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Inside Beat

Celebrities don't owe us parasocial relationships

The internet discourse surrounding Selena Gomez and Hailey Bieber is an example of how dangerous parasocial relationships can be. – Photo by selenagomez & haileybieber / Instagram

We’re all a fan of something. Whether it’s the hottest new TV show, your favorite movie of all time or a sports team you’re a lifelong fan of, each and every one of us has something we hold dear to us — though, technically, it sometimes holds little bearing on our personal lives. But what about holding dear someone that doesn’t even know you exist?

When fan energy gets turned toward the people behind projects instead of what they do or create, things can get a little messy. This isn’t to say there’s anything wrong with liking a singer’s persona instead of just their latest album drop or following one actor from project to project.

But there’s a point of no return where that love becomes obsessive, the devotion a little too strong — and it’s happening to more and more celebrities, with more and more alarming dynamics.

Parasocial relationships are defined as one-sided relationships where one party puts forth time, effort, energy, affection and even money toward a figure or group who doesn’t even know they exist.

With the rise of the internet and the celebrity oversaturation on social media, it’s become increasingly easy for fans, young and old, to find themselves in these obsessive quasi-relationships: If celebrities post and talk and act just like your friends, who says they can’t be?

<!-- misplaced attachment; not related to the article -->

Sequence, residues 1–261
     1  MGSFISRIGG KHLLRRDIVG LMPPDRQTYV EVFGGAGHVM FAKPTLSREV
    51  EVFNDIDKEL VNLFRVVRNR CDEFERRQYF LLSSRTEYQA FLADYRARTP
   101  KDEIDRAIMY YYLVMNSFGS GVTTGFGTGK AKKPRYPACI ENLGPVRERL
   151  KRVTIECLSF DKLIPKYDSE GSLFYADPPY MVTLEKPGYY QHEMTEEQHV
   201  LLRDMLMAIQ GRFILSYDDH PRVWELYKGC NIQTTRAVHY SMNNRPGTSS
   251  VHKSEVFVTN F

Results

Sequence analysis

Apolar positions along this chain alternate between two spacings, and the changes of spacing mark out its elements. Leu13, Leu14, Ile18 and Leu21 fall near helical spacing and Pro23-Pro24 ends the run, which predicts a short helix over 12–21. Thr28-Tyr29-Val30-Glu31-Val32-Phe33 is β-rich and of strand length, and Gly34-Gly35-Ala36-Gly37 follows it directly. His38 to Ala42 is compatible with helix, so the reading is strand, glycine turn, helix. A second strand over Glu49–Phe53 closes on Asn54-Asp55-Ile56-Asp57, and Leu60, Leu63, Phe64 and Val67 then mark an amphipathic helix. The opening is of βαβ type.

This creates an entitlement that, if left unchecked, can fester into something terrible. A notable recent example is the drama surrounding Phoebe Bridgers' split from former partner Paul Mescal and her friend, and rumored new flame, Bo Burnham.

It started at the tail end of last year, coming to a head in January amidst widespread social media support for Mescal after unsubstantiated reports came out saying Bridgers had cheated on him.

People cited past relationships of Bridgers' — even ones in which she was a victim of abuse — as reasons she was likely at fault for the split, feeding into misogynistic and biphobic narratives.

On January 3, Bridgers announced on Instagram that her father had passed away. Days later, she was photographed at Los Angeles International Airport with Burnham, and speculation started: Had she cheated on Mescal with him? Had Burnham cheated on his ex with Bridgers?

Fans and detractors alike lamented and mourned over relationships that had nothing to do with them, while Bridgers was publicly mourning a death in her own personal life.

In an interview with the publication Them, along with her bandmates Julien Baker and Lucy Dacus, Bridgers called out her fans directly, something few artists do for fear of retaliation: "People with my picture as their Twitter picture, who claim to like my music, fucking bullied me at the airport on the way to my father's funeral this year," she said.